Thank you for another year of stimulating discussions both her and on the dreamwidth account. Look forward to more of the same in 2021.


  39. Briefly I will say this about your CDs v Vinly audio thing. On a technical level – CDs can produce fantastic audio quality if mastered properly and they can beat out pretty much any audio format – this relies on something called the Nyquist–Shannon sampling theorem that when done at the level CD’s run at, it an recreate any sound that we can hear. With that said, Vinyl is still amazing simply because it doesn’t need a computer system and complex optics on the back end to run. You can put a piece of folded up paper in a Vinyl groove and still get the audio out, that is just downright amazing.

    Vinyl also has another advantage, that is while they may wear out with excessive use (hundreds-thousands of plays), they will still have a longer life time than most CD’s. Remember when CD’s were sold as “They will last forever”. Turns out forever is only about 20-30 years as the glue on the reflective layer begins to fail. Disc rot is routinely becoming a common feature of older disks. There are still Vinyl discs from the early 20th century that, while brittle, are playable and doesn’t have some obscure digital format/digital rights problem.

    It is funny watching the computer hacker community, I mean ‘Hacker’ in the original sense of people who worked on computers for fun. I have noticed a schism that has formed of the true believers on the AI/VR/AR/Machine Learning/Big Data/Web 2.0/HTML5 etc and future of endless progress. And the other slowly growing side of the disillusioned that have realized that the ‘Great and powerful Oz’ is just a guy behind the screen and that computers are really just fast-dumb-calculators and not something more poetic. A return to the ways of old is starting to make its way into this community and I love it. Simpler technologies, simpler living and for focused intent on what really matters in life. Just a few days ago I saw a big discussion within this community about the passing of ‘Ram Dass’ the spiritual leader – something like that would not have been conceivable even five years ago and yet nowadays it is front and center.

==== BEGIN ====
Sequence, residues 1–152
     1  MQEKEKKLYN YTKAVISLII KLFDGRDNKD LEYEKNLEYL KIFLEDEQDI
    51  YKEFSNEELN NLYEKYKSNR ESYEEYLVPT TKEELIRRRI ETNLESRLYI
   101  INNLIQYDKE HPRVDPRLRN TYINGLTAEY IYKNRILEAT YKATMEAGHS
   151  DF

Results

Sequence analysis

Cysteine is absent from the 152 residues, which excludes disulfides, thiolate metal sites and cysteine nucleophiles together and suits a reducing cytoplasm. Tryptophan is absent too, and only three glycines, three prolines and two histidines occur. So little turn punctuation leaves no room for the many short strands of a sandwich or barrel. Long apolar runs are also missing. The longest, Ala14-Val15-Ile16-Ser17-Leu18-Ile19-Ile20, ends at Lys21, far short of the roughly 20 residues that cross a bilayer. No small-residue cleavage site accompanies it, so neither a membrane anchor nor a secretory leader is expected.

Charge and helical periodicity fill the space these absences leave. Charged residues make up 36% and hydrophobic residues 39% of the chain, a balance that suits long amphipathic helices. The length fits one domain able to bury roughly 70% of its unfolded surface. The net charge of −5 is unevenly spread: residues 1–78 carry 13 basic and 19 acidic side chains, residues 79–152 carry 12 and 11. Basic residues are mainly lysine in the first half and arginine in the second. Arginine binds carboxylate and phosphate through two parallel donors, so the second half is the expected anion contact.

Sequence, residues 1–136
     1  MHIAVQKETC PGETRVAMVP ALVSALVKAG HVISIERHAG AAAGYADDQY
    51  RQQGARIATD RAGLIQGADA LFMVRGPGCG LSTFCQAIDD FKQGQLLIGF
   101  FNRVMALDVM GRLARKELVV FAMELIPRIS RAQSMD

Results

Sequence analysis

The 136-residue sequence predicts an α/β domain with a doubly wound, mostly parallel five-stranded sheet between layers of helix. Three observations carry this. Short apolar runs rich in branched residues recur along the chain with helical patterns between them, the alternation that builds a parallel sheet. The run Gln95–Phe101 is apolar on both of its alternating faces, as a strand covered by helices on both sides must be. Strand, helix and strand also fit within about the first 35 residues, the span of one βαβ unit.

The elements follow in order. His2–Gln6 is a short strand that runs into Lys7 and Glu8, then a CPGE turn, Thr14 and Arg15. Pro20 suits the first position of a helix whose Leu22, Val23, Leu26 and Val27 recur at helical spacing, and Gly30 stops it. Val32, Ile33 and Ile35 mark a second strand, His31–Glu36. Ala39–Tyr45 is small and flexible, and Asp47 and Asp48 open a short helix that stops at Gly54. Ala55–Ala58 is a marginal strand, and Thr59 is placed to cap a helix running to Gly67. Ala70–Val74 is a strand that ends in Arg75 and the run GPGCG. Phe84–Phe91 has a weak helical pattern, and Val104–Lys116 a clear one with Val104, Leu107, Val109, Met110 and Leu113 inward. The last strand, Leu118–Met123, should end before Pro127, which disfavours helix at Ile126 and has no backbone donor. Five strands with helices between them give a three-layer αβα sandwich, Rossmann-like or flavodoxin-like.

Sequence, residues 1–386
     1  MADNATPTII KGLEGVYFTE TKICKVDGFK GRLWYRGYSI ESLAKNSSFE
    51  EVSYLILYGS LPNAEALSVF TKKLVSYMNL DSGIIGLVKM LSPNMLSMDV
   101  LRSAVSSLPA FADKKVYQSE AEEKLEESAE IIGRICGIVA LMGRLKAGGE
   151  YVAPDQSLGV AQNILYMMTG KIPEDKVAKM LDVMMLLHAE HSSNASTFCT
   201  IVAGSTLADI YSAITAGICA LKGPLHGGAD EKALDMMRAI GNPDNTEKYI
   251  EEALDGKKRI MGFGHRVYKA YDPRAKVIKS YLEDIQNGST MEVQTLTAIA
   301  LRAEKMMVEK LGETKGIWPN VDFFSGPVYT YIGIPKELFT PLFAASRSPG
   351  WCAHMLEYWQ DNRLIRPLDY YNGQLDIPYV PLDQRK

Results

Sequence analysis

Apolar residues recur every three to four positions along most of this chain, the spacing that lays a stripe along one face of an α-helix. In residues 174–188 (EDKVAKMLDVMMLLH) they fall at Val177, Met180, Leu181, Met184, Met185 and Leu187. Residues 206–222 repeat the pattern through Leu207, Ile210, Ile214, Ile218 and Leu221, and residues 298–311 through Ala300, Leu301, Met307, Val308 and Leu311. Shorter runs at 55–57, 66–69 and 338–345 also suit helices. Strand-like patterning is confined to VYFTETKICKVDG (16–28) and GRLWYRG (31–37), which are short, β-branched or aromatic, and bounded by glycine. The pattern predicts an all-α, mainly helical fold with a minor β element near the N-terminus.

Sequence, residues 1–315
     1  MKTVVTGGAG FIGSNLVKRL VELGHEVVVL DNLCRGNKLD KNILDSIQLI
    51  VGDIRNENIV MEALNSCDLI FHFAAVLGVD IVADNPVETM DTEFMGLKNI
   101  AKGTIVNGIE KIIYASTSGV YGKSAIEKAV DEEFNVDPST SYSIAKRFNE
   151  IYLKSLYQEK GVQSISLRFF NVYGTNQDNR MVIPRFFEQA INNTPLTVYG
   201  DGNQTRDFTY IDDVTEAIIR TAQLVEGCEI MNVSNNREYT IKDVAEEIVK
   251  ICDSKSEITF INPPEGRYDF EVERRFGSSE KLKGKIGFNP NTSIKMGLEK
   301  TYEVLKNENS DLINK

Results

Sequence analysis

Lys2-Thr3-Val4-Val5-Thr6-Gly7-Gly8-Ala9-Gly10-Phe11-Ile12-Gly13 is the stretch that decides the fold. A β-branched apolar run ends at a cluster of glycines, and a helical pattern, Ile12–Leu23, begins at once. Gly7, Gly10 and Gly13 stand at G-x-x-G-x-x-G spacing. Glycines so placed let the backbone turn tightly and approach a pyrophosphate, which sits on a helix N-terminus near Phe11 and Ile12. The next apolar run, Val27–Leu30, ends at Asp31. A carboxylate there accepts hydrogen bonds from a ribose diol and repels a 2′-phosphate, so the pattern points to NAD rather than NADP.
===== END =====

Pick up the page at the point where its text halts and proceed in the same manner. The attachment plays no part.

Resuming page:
A more direct way in which people are turning away is on “Smart” phones (nothing smart about them), I have linked a report below.

    I saw another story recently but cannot find a link saying that only about 10% of people with these devices are looking to buy the new flag ship models in the next 3 years. Compare this with only a decade back and that is a massive change. Devices are getting to expensive, people are sick of the upgrade cycle and they just don’t see the need for 4 cameras on a phone! The likes of Nokia are starting to do a decent trade in selling ‘dumb’ phones nowadays as people drop back to a more reasonable technology level – ones that don’t hassle them all the time.